Fifteen shoes total, all with a different purpose, all of which cater to whatever mood or activity that I feel up to at the moment.

In a sense attempting to "walk a mile in my shoes," is a misnomer. Before I would invite anyone to that challenge, I'd have to browse through my collection and choose which pair for them to try on.

Tuesday, July 29, 2008

Fight or Flight

It was 3:30 in the morning when a group of friends and I stood at a street corner after a night of drinking. Across the street from us were two hostile men shouting expletives at us for no apparent reason. After standing idle to just take in the one main word that they kept referring to us as, I prepared for the worst. I looked to my left and saw that two of the people in my group had gone forward, ignoring the fighting words that were being shouted from across the way. To my right was my friend (a former golden gloves boxer nonetheless) who had evidently received the same feeling in his gut.

What ensued was a slow motion like dream state that seemed hazy in retrospect. I dodged the first several haymakers and allowed my instincts and adrenaline to take down the man in front of me. In an instant he was on the ground while the other two vanished from my periphery.

My hand was pushed on his head as I shoved his skull into the sidewalk. I then took my knee and drove it into his back as to stabilize him so that I could collect my thoughts and plan my next move. For the next minute I maintained pressure while he attempted to flair his arms wildly, hoping to connect with a lucky blow. What I did next, is not what a street fighter would be expected to do. In fact, as the one who had an undeniable upper hand, I showed a side of me that much like the way the fight developed in the first place was unplanned.

I fled.

As I look back at the short exchange that encompasses my lone street fight record, I can’t say that I acted as rough and tough as I would have wanted. Instead I was overcome by an urge to show mercy to the man who wished to fight me.

I raced across the street without looking back, knowing that my ultimate goal was to get home and forget about what had just happened. In the back of my mind, I knew my friend was alright. In fact, my real concern was the poor guy who lacked the judgment and picked a fight with him in the first place. I gave him a quick text just to verify and passed out in my bed.

Over the course of the next afternoon, I played out the events in my head as I remembered them. And while I felt cowardly for taking off and not finishing what I had started, I also felt as though I had ultimately taken the harder way out.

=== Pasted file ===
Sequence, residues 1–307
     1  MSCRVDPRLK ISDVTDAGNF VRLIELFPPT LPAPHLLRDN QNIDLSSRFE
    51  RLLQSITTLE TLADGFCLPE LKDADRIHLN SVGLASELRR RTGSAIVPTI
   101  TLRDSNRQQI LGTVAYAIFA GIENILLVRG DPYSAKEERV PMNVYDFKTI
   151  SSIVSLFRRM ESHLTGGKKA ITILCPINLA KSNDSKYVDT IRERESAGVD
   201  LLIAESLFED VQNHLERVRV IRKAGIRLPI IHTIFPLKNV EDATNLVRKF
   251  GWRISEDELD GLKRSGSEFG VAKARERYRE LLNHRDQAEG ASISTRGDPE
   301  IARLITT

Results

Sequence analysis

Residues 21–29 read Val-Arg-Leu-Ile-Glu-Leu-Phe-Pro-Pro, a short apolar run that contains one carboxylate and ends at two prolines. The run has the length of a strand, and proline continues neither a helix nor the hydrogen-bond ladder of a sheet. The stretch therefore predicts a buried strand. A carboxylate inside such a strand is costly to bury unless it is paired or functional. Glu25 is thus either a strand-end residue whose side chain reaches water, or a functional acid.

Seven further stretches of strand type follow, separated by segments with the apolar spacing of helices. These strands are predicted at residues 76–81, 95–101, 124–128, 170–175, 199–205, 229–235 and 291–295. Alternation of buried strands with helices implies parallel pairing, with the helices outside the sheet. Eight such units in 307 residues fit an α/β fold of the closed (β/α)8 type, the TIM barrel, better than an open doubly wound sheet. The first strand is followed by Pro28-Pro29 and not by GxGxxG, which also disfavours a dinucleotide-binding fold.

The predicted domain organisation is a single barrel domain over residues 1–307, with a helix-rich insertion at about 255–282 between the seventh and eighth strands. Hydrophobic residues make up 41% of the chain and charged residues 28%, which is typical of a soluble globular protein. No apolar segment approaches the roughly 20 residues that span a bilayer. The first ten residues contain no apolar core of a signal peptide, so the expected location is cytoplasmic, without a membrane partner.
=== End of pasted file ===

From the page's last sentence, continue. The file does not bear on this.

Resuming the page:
I learned that I had the guts to stick up to these men who challenged our manhood while I stood beside my friend. More importantly though, I learned that there is not the “killer instinct,” of hatred deep inside me that I imagined would come out in the right time and place. I suppose, I owe my parents for my upbringing, my family morals and instilling in me the notion of peace even during the most hectic of moments.

Sometimes we don’t know where we stand on an issue or what we believe until we are confronted with it face to face. As for fighting, I had seen it numerous times on TV, video games and several times as a spectator. Just when I had the opportunity to beat this guy up for being the meathead that he had acted like, something inexplicable took over and made me flee. Whatever the cause of this change in behavior may be, I knew after the next day, that I had no business being there in the first place.

In the middle of the brawl, I just didn’t have it in me. I had no ill feelings towards this guy nor did I want to pummel him and teach him a lesson. If anything, I felt sorry that he had taken his emotions out on me and that he was the one who winded up face first on the sidewalk and embarrassed.

It took the events of a post-Saturday night out with friends and a fight to make me realize that fighting is not in my nature. At least, as far as hurting another human on this earth. Deep down, I often wonder if I really am the pacifist who once attended a peace rally on my college campus and whether I can more easily accept war because I am farther down the kill chain than the grunt with his rifle pointed at an insurgent.

This is not to say that I won’t put up a fight. I’m more than willing to take on the side of good when the cause is just and the threat is real. And with that, I still have similar feelings like singer Tony Bennett who has characterized war as “the worst of human behavior, neither constructive nor intelligent.”

The following morning after the fight, I watched the last lecture by Dr. Randy Pausch on youtube about “achieving his childhood dreams.” I watched in awe as I listened to a man who set out and attained everything that he had ever wanted. Through his lecture, I turned that lens on myself and conversely saw a boy who wasn’t chasing his dreams and instead perhaps running away from them, like he had done the previous night.

I encourage you to spend the best 1 hour and 16 minutes of your week and listen to his lecture. If you’re like me, you will laugh, cheer and undoubtedly cry several times before it’s over. After it’s all said and done, hopefully you will look inside of yourself and ask whether you are where you always wanted to be. If not, I hope you will take the opportunity and advantage of the life that you have been blessed with and fight for every bit of that dream.

Tuesday, July 22, 2008